Like all little sisters, who scratch your CD’s and steal your phone charger, South Queensferry pilfers tourists and day trippers from its elder sibling, Edinburgh, for a peek at its innards – there’s a lot to like about a place with a big red bridge.
A short 20 minute train ride into Dalmeny Station drops you in the picturesque village on the edge of the Firth of Forth. If you’re anything like me, the prospect of photographing 2 epic bridges in the same frame has me rubbing my thighs (and soon to be 3 once the 3rd ‘Forth’ is finished in the spring of 2017) but if epic bridges don’t get your pulse racing there is still enough going on to make this a handsome day trip from Scotland’s capital.
South Queensferry stares at its counter-part, North Queensferry, over a drafty estuary in the biggest face-off known to northern sea-birds, who watch from the many tiny islands between the two shores. Queen Margaret off-of the 11th century, initially established a ferry service to bridge the Forth gap for pilgrims on their way to Dunfermline but nowadays there is nothing more pleasant than taking a £3 (return) train ride across the Forth rail bridge to the even smaller North Queensferry (can you see what they did there!?) and back again. You must, however, stop for lunch while you are there at The Wee Restaurant – a gorgeous little bistro type establishment with the best locally sourced produce and an excellent wine list. Order the mussels.
South Queensferry’s Heritage
Back in ‘the Ferry’, south of the firth, you are greeted by the prettiest of high streets, with the occasional glimpse through the houses at the monstrous bridges sat behind. Cafe’s and gift shops aplenty have been opened in the last several years to mainly take the cash from cruise-goers who are making a pit-stop before the Norwegian Fjords or the Outer Hebrides. But, I don’t think this is a bad thing – older people with lower paunches may flood the ferry a few days a month but it brings in cash for the area and little businesses are able to survive selling the most charming of Scottish crafts and goodies. And if you happen to visit on a day that hasn’t been swarmed by cruisers you’re just as likely to hear locals natter to each other as they collect their morning papers – it’s a sleepy little village, albeit with a colourful history and heritage.
Many of the 17th century buildings still stand tall in this tranquil little town but the grandeur of some of the architecture is a testament to the wealth that this little community used to enjoy – merchants, ship-owners and craftsmen took advantage of their geographical position and traded wool, coal and wine to the rest of the country – sounds like ingredients for a perfect cozy night in to me! But at the same time the place was always fraught with threats from pirates and witches, so some of the local legends and narratives are pretty colourful. Pop in to the South Queensferry Museum on the High Street for more tales and artifacts, it’s a really sweet (free) little museum and has some fantastic information about the construction of the bridges.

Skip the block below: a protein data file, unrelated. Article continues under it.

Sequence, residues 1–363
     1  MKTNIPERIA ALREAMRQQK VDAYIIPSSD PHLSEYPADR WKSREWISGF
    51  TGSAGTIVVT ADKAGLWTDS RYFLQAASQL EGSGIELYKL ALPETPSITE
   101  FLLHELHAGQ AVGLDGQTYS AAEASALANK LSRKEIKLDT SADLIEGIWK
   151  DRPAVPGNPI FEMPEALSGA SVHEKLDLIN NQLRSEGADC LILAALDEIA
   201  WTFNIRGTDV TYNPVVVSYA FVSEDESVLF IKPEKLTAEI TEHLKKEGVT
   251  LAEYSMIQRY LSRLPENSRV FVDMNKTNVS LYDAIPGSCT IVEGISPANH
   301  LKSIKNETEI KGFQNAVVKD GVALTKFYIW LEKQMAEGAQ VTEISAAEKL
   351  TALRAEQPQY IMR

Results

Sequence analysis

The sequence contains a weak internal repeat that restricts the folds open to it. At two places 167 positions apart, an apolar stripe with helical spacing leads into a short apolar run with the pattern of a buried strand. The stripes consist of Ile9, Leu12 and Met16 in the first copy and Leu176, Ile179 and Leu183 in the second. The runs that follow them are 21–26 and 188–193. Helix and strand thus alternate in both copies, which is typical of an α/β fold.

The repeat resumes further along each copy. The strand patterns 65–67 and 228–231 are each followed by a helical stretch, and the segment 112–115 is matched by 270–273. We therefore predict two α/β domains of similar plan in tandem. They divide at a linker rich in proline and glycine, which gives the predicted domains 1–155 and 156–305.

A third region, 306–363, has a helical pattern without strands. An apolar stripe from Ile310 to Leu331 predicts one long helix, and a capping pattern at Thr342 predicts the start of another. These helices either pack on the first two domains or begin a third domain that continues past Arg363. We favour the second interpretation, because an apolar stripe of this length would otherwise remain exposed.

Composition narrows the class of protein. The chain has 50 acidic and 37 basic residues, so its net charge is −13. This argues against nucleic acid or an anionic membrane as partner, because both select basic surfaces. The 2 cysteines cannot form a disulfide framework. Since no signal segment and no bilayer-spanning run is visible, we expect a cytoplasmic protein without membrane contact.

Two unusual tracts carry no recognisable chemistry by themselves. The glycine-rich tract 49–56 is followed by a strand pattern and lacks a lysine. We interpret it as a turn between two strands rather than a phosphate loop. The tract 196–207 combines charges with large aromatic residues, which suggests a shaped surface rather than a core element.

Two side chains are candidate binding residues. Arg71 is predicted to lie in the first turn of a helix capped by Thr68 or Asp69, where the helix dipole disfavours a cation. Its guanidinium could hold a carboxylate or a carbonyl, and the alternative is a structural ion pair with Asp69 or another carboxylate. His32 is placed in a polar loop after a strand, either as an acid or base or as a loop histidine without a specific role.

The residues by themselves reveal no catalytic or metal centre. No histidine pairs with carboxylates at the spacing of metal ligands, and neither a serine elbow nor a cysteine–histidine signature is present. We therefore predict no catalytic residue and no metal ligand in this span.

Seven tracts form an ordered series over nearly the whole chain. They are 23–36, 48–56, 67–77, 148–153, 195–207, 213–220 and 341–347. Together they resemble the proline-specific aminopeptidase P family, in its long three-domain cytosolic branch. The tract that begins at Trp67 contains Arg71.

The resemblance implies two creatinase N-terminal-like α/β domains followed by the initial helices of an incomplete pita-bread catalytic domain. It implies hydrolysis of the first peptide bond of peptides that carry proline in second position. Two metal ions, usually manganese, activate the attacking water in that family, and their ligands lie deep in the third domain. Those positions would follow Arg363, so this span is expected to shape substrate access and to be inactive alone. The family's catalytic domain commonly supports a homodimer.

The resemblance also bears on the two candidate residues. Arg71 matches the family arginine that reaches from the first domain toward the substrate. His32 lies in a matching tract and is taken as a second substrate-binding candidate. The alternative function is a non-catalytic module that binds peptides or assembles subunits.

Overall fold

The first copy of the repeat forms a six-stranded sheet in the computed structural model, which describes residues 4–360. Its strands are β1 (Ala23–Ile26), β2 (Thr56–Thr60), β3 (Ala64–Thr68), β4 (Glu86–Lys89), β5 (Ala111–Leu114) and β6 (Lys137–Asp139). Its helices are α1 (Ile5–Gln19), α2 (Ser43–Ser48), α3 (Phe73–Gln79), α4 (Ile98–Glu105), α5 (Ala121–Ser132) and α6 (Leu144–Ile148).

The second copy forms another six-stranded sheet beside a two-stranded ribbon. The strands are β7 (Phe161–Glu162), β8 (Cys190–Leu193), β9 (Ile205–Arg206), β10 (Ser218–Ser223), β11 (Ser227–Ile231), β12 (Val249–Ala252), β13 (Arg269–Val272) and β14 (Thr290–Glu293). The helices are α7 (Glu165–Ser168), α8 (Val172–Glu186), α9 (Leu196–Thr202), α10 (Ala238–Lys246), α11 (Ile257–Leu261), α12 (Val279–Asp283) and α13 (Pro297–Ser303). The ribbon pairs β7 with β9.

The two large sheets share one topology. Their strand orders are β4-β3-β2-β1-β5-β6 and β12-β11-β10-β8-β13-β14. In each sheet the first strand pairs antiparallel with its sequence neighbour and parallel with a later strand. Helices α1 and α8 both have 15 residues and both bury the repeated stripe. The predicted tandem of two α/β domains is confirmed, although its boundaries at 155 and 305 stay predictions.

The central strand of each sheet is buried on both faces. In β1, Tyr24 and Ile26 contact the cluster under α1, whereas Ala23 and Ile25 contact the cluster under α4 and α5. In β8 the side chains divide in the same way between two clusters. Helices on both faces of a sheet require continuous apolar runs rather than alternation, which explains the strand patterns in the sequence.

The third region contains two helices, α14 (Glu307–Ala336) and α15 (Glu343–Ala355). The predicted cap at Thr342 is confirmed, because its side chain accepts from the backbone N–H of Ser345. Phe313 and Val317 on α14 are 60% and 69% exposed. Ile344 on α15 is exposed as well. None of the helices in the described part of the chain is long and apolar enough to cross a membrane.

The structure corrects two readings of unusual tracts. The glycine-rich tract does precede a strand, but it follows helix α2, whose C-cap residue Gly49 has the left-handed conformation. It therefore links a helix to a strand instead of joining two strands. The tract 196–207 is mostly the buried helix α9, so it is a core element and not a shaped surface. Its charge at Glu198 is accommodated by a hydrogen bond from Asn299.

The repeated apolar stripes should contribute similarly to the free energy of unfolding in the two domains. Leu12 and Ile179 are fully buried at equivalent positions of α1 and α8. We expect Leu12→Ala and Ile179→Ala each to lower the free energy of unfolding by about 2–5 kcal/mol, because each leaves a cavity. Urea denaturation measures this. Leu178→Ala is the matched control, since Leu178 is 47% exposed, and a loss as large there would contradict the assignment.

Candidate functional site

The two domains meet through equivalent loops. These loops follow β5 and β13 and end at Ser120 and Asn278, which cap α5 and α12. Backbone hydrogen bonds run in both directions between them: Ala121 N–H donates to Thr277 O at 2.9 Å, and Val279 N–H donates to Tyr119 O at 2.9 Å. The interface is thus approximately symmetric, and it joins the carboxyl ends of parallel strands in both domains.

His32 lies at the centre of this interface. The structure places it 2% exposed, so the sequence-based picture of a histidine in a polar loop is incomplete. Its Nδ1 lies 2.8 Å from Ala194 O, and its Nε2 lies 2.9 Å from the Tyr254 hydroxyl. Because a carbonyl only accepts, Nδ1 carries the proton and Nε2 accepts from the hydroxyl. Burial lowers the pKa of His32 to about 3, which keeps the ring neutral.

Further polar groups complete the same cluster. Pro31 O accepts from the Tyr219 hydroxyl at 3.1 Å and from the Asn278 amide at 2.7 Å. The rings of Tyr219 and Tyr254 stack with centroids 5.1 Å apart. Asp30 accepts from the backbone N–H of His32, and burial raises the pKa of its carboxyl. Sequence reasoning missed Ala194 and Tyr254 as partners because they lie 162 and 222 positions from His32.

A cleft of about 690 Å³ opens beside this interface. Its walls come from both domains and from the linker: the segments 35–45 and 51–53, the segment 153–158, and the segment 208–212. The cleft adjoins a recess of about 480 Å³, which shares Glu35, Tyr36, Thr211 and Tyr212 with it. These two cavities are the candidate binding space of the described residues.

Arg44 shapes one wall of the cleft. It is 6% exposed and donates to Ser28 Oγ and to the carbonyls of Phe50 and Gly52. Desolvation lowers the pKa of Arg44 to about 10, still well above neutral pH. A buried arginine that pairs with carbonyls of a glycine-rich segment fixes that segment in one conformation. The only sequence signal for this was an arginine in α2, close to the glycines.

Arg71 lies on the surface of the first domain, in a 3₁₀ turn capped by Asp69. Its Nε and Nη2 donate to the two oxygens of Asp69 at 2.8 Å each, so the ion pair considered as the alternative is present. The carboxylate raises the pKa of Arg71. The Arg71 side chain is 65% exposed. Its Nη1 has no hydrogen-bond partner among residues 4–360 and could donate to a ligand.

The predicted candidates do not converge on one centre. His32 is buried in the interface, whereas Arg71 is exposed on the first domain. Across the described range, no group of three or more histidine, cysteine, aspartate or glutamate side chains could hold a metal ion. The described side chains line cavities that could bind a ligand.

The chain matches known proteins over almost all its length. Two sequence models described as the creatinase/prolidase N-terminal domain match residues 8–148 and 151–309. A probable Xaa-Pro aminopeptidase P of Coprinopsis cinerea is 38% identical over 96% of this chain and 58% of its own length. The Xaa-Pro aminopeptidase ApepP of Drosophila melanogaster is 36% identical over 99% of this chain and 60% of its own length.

Forth Boat Tours
One of the highlights of my many visits to South Queensferry has been a trip on the Forth Belle. Granted, the name conjures images of a majestic Tall Ship with masts flapping in the breeze, an opportunity to don a head scarf à la Audrey Hepburn, however the reality is a boat that resembles something from Bay Watch and face-chaffing winds that even Elemis would struggle with BUT the experience is amazing. An hour and a half trip leaving from the Hawes Pier takes you under the big red bridge and around Inchcolm Island, Inchgarvie Island, oil supertankers and Haystack Rock. Onboard commentary gives you stories and facts about the islands in their hay-day and directs you to the spots where seals bask and puffins and kittiwakes waddle along. Some days, lucky passengers have also spotted dolphins and even killer whales near the bridges. The maid also disembarks at Inchcolm Island if you choose to get off and explore the old abbey and get closer to the puffins for some better photo’s.
South Queensferry’s Watering Holes
There are plenty of establishments in the Ferry and most with good reputations. Have a pint of Jaipur at The Hawes Inn – an old 18th century drinking hole mentioned by both Robert Louis Stevenson in the book Kidnapped and Sir Walter Scott. In the winter you can cozy up in front of the fire, in the summer you can take in the views from their beer garden, either way you’re reliving history from some of the Greats!
Or, if you didn’t get your mussels at The Wee Restaurant over the water, then The Railbridge Bistro won’t disappoint. The window seats have great views and they sell local art work from their walls.
The kids would be happy with an ice-cream from The Parlour on the High Street – a high end sweet shop with the loveliest of welcomes.
So, there you have it – the perfect day-trip from Edinburgh and the tiniest of villages brimming with history. Local transport links into the city are pretty good too if you wanted to make it your base for further exploration – if you are here for longer be sure to check out some of the local beaches, Cramond and Hopetoun House too.
Have you been? I’d love to hear your thoughts…
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